Graduation and Commencement

Degrees are conferred in May, August, and December. There is one formal Commencement ceremony in May.

A student must file a graduation petition form (available in the Registrar’s Office or on the Registrar’s Office web page) by the deadline posted at NOTE: The completion of a graduation petition does not guarantee that a student will graduate. A student’s degree audit will be completed by the school in which the student is matriculated once a student petitions to graduate. The degree audit will determine if a student is eligible to graduate.

Graduation petitions submitted after the posted deadline will be processed at the discretion of the university and are subject to a late processing fee. Students who submit the petition after the published deadline may not receive their diplomas at the close of the semester, may not graduate until the next graduation date, and — in the spring semester — may not be listed in the Commencement program. A student who submits a late petition may not be eligible to participate in Commencement exercises if a full audit of the student’s record cannot be processed to confirm eligibility.

Students who do not meet graduation requirements at the end of the semester in which a graduation petition was filed will automatically have their petition moved to the next semester. For any delays beyond one semester, the student must file a new petition and indicate the new anticipated graduation date.

Students graduating at the completion of any term are encouraged to participate in the subsequent Commencement exercise and should contact the Office of the Registrar for instructions.

Students who need to take no more than two courses (up to 8 credits) during the summer semester to complete their degree requirements may participate in the May Commencement exercises if they meet both of the following conditions:

  1. complete a petition for graduation by the designated deadline; and
  2. complete and have signed by their dean a Course Completion Plan. The plan must specify all remaining requirements and in which prescribed session(s) in the summer semester immediately following Commencement the student intends to complete the work. The Course Completion Plan must be submitted to the Office of the Registrar by the graduation petition deadline.

No exceptions or exemptions to these two conditions will be made or given.


Diplomas for May graduates are issued during the Commencement ceremonies provided the graduation petition has been submitted to the Registrar’s Office by the posted deadline. Diplomas for August and December graduates are mailed by the Registrar’s Office at the close of the summer and fall semesters provided the graduation petition has been submitted in a timely manner.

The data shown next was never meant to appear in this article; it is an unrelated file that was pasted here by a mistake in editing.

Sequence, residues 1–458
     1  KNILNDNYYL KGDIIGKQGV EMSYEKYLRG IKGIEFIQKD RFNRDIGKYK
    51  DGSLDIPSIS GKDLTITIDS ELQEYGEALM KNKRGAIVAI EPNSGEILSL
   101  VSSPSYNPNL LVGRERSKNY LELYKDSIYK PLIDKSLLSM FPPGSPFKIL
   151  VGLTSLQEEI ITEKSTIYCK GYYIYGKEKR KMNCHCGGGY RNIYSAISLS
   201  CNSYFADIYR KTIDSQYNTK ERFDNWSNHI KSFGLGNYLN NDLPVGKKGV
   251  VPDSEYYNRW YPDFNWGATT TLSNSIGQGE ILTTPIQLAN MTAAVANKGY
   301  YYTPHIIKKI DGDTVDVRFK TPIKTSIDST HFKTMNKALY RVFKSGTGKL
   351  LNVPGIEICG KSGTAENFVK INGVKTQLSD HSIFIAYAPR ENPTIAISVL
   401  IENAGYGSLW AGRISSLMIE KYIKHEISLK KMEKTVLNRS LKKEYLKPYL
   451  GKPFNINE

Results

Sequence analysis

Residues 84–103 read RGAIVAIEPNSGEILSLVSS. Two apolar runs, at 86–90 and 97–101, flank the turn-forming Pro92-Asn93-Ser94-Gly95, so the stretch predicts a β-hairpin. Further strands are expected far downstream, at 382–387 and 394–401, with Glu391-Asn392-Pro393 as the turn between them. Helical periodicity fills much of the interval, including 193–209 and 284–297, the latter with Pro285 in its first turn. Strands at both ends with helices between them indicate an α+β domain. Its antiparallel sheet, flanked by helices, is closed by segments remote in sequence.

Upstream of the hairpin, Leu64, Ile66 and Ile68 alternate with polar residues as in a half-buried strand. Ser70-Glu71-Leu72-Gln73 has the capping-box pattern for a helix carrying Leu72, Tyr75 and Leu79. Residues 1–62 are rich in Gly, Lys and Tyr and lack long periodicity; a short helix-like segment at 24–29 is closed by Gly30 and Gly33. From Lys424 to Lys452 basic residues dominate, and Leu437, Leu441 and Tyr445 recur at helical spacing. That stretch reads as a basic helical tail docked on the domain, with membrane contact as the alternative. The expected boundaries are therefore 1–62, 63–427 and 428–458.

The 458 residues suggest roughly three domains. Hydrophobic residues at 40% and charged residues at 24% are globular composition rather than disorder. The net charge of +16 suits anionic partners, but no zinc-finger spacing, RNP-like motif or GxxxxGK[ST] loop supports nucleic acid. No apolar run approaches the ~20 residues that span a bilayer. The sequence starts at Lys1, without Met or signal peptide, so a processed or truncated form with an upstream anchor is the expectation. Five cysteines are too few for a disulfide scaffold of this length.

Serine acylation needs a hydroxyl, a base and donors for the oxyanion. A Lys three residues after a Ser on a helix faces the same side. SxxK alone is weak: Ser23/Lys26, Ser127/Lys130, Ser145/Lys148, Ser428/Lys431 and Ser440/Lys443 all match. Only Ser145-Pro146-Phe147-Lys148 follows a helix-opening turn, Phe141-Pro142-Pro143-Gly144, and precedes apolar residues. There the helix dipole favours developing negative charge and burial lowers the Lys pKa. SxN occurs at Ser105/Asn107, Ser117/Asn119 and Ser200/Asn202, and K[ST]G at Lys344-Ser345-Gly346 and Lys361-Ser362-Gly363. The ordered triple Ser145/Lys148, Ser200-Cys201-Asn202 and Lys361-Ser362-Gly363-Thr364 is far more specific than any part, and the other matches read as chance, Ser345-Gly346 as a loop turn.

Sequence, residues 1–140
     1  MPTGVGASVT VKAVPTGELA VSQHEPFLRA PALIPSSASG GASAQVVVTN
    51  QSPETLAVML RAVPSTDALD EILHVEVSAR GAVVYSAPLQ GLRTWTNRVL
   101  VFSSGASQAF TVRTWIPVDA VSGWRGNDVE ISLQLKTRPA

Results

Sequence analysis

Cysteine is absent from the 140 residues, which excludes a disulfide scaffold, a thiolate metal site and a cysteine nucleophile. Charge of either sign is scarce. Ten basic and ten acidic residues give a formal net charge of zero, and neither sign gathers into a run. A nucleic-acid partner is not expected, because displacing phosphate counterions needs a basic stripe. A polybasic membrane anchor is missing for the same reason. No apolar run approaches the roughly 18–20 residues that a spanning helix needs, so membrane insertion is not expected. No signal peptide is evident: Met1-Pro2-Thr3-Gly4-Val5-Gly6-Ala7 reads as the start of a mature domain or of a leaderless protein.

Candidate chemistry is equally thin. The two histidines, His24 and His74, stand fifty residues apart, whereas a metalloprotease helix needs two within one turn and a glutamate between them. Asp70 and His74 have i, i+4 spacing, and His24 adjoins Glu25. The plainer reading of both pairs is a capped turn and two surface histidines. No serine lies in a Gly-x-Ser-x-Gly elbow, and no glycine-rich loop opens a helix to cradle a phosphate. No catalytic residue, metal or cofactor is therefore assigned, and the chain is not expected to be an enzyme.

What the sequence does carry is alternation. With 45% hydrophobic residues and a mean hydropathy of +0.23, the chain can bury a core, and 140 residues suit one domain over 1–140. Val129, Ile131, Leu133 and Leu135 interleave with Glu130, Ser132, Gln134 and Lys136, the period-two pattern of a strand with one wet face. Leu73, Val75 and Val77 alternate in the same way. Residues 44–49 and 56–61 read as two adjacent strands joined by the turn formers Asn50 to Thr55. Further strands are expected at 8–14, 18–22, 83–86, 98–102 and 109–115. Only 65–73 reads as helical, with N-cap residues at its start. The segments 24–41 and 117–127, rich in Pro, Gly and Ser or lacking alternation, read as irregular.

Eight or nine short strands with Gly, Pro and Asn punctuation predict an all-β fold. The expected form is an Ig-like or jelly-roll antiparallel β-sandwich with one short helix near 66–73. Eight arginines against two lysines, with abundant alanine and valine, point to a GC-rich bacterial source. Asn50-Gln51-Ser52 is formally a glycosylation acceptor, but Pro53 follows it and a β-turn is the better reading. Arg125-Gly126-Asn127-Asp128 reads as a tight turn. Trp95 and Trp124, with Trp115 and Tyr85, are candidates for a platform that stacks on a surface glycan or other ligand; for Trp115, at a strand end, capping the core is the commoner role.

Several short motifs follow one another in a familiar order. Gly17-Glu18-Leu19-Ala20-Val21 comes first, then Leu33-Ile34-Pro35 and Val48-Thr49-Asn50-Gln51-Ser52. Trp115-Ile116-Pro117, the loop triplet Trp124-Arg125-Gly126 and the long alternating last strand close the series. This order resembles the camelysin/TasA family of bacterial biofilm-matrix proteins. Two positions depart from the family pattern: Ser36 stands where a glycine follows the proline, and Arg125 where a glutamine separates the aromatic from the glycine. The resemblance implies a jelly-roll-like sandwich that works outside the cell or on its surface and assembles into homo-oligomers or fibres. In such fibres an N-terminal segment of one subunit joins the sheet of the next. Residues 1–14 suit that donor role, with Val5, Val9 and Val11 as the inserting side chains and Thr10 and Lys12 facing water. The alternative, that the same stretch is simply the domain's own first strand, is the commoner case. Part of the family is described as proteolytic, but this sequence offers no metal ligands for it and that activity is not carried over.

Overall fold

Diplomas are issued in the student’s name as it appears in official university records. Diplomas are mailed at no charge. Diplomas are withheld from students who have unsettled obligations to the university.

Students who participate in the Commencement with a projected date of completion in the summer following will not receive the diploma at Commencement; the diploma will be awarded only after all program requirements are completed.

Diploma Replacement Policy

A replacement diploma in the name of the student as it appeared at the original time of issue will be provided upon written request by the student, return of the damaged diploma if possible, and payment of a $90 replacement fee. The replacement will include appropriate dates, signatures, and notations where possible. If the student’s name has been legally changed by marriage or court order, a new diploma may be issued upon written request. This request must include legal proof of change, payment of the fee, and return of the original diploma.


Official transcripts of courses and credits will be forwarded by the Office of the Registrar to other educational institutions, agencies, or firms upon signed, written request by the student.

Requests for transcripts will be processed usually within five working days; however, during registration and immediately following the end of a semester there may be a delay up to two weeks. In the event of unsettled obligations to the university, transcripts will be withheld.

Same-day service is available for a fee, payable in advance.

Unofficial transcripts are available to current students via Marynet.

Medical Leave Policy

A student who experiences an illness or medical emergency that causes absence from classes for an extended period of time should contact the Office of Student Development, which will notify instructors of the student’s absence. If a student’s condition is serious enough to prevent the student from completing the semester, advice regarding the student’s options should be sought from the Center for Teaching and Learning prior to withdrawing from courses.

A student who cannot continue enrollment may request a medical leave. A medical leave means that the student will be withdrawn from all courses in which the student is enrolled that semester and unregistered for courses for subsequent semesters. If the withdrawal occurs after the deadline to drop, the student receives a W on the transcript.